GDPR - General Data Protection Regulation
What is GDPR?
In the UK, GDPR replaced the Data Protection Act (DPA) 1998, which was brought into law as a way to implement the 1995 EU Data Protection Directive. GDPR seeks to give people more control over how organisations use their data, and introduces hefty penalties for organisations that fail to comply with the rules. It also ensures data protection law is almost identical across the EU.
As of 25th May 2018, the DPA 1998 was replaced by the General Data Protection Regulation which is often referred to as the ‘GDPR’. Although many of the principles remain the same as the DPA 1998, there are some important changes which affect the way we process data.
In general terms, the GDPR places more emphasis on transparency, accountability and record keeping.
Why do we need it?
The update to Data Protection legislation, in many ways, was long overdue as the 1998 Act pre-dates Facebook, Twitter and all types of social media. It is hard to remember, or believe, that in 1998 mobile phones were limited to making and receiving calls and text messaging that was charged by each character. Email was being used, but not every organisation had email addresses and hard copy documents were the mainstay of storage and records.
iPhones, Blackberry’s and other smart phones and tablets were yet to come. Access to the internet was limited and actually required a physical dial up. There was no 3G or wireless hotspots for casting communication and Google went live in 1998 - the same year as the DPA.
The Data Protection Act was fit for purpose then, but all of the changes in the last 19 years mean that a new framework is now essential.
Compliance with the Data Protection Act principles in the UK is largely the responsibility of the Information
Commissioner. The Information Commissioner’s Office (ICO) is the regulatory and supervisory authority. The ICO has the ability to provide advice, undertake audits, access information, impose sanctions and penalties.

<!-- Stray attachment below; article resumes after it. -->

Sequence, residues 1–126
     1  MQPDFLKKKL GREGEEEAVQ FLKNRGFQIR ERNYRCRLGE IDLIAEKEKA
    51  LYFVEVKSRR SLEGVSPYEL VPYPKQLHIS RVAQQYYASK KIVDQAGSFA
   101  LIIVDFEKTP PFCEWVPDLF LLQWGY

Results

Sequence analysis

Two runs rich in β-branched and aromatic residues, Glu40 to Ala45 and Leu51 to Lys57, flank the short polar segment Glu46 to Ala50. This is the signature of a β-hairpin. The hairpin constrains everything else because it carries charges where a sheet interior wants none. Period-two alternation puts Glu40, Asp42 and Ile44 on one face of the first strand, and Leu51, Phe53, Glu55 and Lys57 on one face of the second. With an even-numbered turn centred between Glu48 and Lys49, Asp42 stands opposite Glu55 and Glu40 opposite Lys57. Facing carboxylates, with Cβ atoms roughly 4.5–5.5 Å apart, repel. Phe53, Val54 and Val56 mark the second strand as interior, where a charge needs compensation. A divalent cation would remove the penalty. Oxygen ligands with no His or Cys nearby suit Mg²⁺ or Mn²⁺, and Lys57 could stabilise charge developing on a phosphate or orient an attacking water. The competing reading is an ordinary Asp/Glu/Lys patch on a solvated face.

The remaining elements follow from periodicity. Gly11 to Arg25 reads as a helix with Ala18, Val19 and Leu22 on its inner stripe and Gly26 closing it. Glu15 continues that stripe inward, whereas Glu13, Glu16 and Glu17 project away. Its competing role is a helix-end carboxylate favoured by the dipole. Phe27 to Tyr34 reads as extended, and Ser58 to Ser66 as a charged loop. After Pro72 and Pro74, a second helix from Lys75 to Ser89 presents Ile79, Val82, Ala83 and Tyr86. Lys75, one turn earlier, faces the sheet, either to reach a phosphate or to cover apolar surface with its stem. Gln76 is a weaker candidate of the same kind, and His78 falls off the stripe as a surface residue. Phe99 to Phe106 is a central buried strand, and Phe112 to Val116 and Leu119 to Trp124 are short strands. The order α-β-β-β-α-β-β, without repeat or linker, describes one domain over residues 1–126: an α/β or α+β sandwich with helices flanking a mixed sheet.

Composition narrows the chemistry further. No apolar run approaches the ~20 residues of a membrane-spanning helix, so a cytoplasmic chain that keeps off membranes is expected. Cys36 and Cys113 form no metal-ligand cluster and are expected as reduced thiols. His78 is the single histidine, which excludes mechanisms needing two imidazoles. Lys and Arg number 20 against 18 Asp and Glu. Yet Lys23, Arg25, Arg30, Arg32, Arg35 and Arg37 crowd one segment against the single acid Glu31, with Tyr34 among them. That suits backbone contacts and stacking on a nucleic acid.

What does this mean for Schools?
Schools process a lot of personal data relating to pupils and staff in order to carry out its functions. They also acquire personal data relating to other people including, for example, parents / carers, local governors, trustees, members of the local community, suppliers, contractors and consultants. It is therefore important that all schools ensure they handle personal data carefully and legally.
Our School's View
St John's Angell Town School is committed to protecting the privacy and security of personal information and being transparent about the way in which we use the information we hold. It is our responsibility to make sure we are handling and treating information carefully and legally.
Our school collects a lot of data and information about our pupils, staff parents and carers so that we can run effectively as a school. In our documentation, we explain how and why we collect certain data, what we do with it and what rights parents and pupils have.
The Data Protection Officers for Lambeth is Mr Matthew Ginn - email@example.com
The Data Protection Lead at this school is:
Mr Patrick Williams, Deputy Headteacher
As a school we are required to collect certain information in order to carry out our core functions of providing education and ensuring the well-being and welfare of the children. We do this on the legal basis that we are required to as an authority and therefore require no further permission to do this. There are areas however where we do require your permission to use the information you have given us for activities other than our core functions. These include extra curricular activities and Parent Association events etc. For these additional activities we will seek your specific consent to use your information, this must be freely given, informed and unambiguous.
We have privacy notices (below) to explain in detail what information we will need from you, why it is needed, how it will be stored, who we share it with (if this is required) and how long it will be kept for.